While I was reacting to one aspect of the New York Times article on the OCA, others were reacting to the very last bit of the article on the proposed ILL-like service from the Open Library initiative. Aaron Swartz was interviewed at the Berkman Center. Günter Waibel briefly described the effort. Peter Brantley had something to say.
But Peter Hirtle really had something to say.
For me, this is the key potion of Peter's post:
As much as I want to encourage digitization and freeing of post-1923 works that are indeed out of copyright or orphaned, I know that Peter Hirtle has a strong position here. This principle is one that we've been looking at quite closely in a related realm -- developing a proposed "drop-off" digitization service for faculty. Not surprisingly, faculty sometimes hope we can digitize, say, slides that they have purchased commercially. We must determine who the source is and if we can obtain digital versions (whether at a fair price or at all). If we then decide that we can digitize them for the faculty member (which will not always be the case) we definitely cannot add the files to our collections or hold on to them in any way.
Unfortunately just because a book is out of print does not mean that it is not protected by copyright. Right now a library may use Section 108(e) of the Copyright Act to make a copy of an entire book for delivery to a patron either directly or through ILL, and that copy can be digital. But the library has to clear some hurdles first. One of them is that the library has to determine that a copy (either new or used) cannot be obtained at a fair price. The rationale for this requirement was that activity in the OP market for a particular title might encourage a publisher to reprint that work. In addition, the copy has to become the property of the user - the library cannot add a digital copy to its own collection.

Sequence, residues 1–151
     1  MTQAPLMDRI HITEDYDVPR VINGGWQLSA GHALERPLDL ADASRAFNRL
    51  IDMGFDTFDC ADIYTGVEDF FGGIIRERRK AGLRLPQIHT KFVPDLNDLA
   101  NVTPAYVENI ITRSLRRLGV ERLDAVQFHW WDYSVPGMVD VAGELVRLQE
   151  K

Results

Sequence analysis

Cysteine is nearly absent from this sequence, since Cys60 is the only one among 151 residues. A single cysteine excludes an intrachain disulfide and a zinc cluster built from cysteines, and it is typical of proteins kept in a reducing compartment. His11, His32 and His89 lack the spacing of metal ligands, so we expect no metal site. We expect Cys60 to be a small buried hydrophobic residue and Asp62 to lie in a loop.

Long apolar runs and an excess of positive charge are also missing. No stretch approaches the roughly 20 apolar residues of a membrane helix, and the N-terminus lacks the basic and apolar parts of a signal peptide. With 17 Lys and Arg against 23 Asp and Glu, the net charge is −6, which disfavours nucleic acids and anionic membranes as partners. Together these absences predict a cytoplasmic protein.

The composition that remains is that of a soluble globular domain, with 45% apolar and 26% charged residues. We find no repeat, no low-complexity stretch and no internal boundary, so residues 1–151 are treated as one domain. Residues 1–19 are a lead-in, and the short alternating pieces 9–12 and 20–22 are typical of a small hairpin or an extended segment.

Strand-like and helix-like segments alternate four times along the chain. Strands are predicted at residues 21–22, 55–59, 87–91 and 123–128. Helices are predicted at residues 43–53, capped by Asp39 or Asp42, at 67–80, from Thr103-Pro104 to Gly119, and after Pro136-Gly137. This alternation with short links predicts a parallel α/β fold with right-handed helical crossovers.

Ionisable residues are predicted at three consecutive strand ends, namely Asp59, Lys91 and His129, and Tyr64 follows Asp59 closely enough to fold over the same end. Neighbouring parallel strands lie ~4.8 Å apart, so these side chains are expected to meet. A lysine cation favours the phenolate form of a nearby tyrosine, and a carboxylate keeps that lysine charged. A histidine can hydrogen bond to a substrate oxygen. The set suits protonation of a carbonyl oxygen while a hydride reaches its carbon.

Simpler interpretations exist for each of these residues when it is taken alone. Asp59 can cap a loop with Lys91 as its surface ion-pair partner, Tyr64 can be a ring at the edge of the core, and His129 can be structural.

Is this inefficient? Yes. Would it be better if libraries could pre-emptively digitize copyrighted works, store them safely, conduct the market test when an ILL request arrives, and then deliver the book to the user if no copy can be found? Yes. But this is not what the law currently allows.
Peter ends his post with a goal for us all --that we should all work toward "convincing Congress that the public good would benefit from a more generous ILL policy for out of print books " in order to increase access to our collections.